October 5th marked the start of National Customer Service Week, a nationwide initiative recognized by companies across the country each year. Even if you've never owned a business or worked in customer service, you've probably heard the phrase, "The customer is always right." I'd take it a step further and say even when the customer is wrong, they're still right. That's because customers, clients, and shoppers are the lifeblood of any business.
Companies like Amazon and Zappos have set the bar pretty high when it comes to focusing on customer service and convenience, and for a good reason. Studies have found that only one percent of consumers feel like their expectations for good customer service are always met. That's a pretty small piece of the pie. Likewise, 86 percent of people are willing to pay up to 25 percent more for a quality customer service experience. These two statistics alone say enough about the importance of making quality customer service your number one priority. Check some other interesting stats on customer service here.
The fact of the matter is, though, that too many businesses take their customers for granted and don't do enough to try and build meaningful relationships with the people who essentially keep their businesses running. Just take a look at the spam folder in your inbox or all the messages you've received in the last 24 hours. With all the noise and amount of options a consumer faces today, what can you do to ensure that your brand's customer service stands out?
Here are three simple principles you can employ today to upgrade the perception your consumers have about the kind of customer service you provide.
Number one: Surprise and delight. When's the last time you received a letter in the mail that you were happy to open? With the digital world we live in today, it's easy to forget that "snail mail" still exists. So why not seek out your top and/or inactive customers and surprise them with a good, old-fashioned letter? You may include a coupon or a "just because" swag package. Try a hand-written letter and make sure to address the customer by name. Bonus: they may even choose to post about their customized care package and/or letter on social media, leading to prospective new customers for you.
Take a look at your social following, too. If customers engage with you on Twitter and Facebook, take five seconds to give them a retweet or a "like" on their post. Although customer service week is in October, "Customer Appreciation Day" should be every day. Show everyone that you truly believe that.
Number two: Listen often and act quickly. Think about the brands you love and the reasons why you love them. There's a good chance they not only listen to their customers, but also act on the feedback they receive to improve their website, products, checkout process, etc.
There are multiple resources at your disposal for finding out how your customers truly feel about your brand and the way you do things. Take a look at social media posts or customer review websites. See what people are saying. Respond and react. It's not about getting back to every single piece of feedback, but rather identifying common themes. If you find multiple people talking about how difficult it is to navigate your website, it may be time for you to look into making some changes.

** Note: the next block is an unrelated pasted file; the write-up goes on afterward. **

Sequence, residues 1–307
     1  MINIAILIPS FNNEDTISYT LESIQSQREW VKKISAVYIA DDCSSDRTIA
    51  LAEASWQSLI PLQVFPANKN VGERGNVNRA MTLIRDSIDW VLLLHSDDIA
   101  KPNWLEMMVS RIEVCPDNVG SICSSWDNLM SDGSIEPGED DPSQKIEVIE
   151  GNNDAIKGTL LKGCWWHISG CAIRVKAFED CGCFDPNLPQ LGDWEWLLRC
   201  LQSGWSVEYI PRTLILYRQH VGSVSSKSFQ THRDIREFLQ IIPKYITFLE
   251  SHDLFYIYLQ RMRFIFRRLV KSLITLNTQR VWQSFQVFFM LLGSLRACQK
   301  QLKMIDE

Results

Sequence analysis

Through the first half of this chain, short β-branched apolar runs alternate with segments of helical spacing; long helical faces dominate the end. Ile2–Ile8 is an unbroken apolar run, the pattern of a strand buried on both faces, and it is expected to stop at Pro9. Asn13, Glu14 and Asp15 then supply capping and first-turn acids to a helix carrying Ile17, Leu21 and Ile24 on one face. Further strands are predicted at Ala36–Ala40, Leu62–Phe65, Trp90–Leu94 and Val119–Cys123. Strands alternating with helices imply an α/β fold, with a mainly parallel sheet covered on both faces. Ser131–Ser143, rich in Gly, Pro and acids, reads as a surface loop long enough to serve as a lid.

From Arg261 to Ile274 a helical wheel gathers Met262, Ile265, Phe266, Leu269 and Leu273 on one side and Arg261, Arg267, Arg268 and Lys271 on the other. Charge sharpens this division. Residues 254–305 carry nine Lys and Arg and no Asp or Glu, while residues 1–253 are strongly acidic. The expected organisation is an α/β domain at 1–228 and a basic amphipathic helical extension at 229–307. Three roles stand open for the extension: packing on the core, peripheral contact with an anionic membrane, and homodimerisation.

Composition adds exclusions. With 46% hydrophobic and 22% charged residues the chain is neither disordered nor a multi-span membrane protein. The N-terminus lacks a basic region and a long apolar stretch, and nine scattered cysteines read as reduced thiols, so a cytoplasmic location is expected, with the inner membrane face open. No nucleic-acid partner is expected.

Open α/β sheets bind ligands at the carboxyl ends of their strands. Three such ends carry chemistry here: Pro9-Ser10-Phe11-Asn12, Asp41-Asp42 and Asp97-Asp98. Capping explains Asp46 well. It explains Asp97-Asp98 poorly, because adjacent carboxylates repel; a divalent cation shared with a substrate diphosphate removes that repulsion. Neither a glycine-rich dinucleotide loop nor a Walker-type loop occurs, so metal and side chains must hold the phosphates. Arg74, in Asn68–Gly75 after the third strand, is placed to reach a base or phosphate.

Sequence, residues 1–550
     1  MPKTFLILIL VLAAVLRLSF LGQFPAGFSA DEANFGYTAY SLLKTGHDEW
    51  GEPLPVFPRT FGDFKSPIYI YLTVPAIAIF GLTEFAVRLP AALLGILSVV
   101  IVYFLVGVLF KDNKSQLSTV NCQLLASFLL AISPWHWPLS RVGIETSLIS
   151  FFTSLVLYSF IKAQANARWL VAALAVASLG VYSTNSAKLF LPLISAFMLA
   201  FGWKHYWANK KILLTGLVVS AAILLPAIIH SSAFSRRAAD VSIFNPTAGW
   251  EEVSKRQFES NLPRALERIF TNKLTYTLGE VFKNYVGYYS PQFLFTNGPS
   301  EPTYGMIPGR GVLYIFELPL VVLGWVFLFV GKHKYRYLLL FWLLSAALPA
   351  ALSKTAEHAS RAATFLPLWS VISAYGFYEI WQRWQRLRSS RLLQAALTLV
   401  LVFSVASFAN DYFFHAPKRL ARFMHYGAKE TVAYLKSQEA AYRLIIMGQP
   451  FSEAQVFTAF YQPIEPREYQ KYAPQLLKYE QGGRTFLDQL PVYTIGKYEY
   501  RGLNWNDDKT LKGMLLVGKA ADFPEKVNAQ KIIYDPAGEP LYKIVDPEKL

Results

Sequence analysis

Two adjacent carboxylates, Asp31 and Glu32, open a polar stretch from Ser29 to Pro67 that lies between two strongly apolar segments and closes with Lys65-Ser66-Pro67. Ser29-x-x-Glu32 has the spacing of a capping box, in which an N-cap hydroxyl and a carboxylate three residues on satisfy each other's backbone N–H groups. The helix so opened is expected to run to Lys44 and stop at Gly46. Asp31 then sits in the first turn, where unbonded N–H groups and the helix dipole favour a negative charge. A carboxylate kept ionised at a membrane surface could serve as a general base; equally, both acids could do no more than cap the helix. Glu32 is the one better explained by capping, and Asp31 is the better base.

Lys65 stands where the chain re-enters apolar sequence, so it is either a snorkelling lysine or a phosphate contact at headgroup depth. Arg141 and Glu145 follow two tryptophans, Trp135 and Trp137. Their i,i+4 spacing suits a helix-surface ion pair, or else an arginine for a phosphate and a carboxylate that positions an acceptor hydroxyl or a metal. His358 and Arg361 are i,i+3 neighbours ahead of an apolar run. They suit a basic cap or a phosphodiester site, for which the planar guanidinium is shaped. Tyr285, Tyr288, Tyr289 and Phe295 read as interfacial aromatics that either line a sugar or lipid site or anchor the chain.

Customers have become accustomed to providing feedback, meaning that you may begin to fall into the minority if you aren't asking for it. Send a one-question survey email and be brief by not requesting any useless information. Ask what they like or don't like and how they would fix that issue. These are the people shopping your brand and it's crucial to factor their opinions into your business plans.
Number three: Be human. Sounds simple enough, right? The truth is that a lot of businesses are so internally focused, that they lose sight of the fact that customers are people. They aren't lists, accounts, numbers or orders. And they appreciate a human-to-human interaction. Think about the last time you were on hold with a "robot" for 45 minutes. Not fun.
Sometimes tactics as simple as sending a plain text email (void of animated gifs and image-heavy designs) can be enough to make a customer feel as though they're doing business with a real person.
Being transparent is also a scary concept for brands to embrace. Because you're human, you will make mistakes. It's human nature. If you've sent out a faulty coupon code or an email with the incorrect date of an event, it's OK to send the occasional 'oops' or 'we messed up' email. People will appreciate that you're addressing the issue. And if it's appropriate, use a little humor when owning up to your error.
Every business needs a revenue stream to operate, but it should not be at the expense of treating your customer base like people. To have a successful brand in the long run, you need to cover all spectrums, while making customer service one of your top priorities. Making time to focus on one, some or all of these tactics can help to start deepening the relationship you have with your audience. Continually find ways to involve them, recognize who they are and showcase that you, too, are human.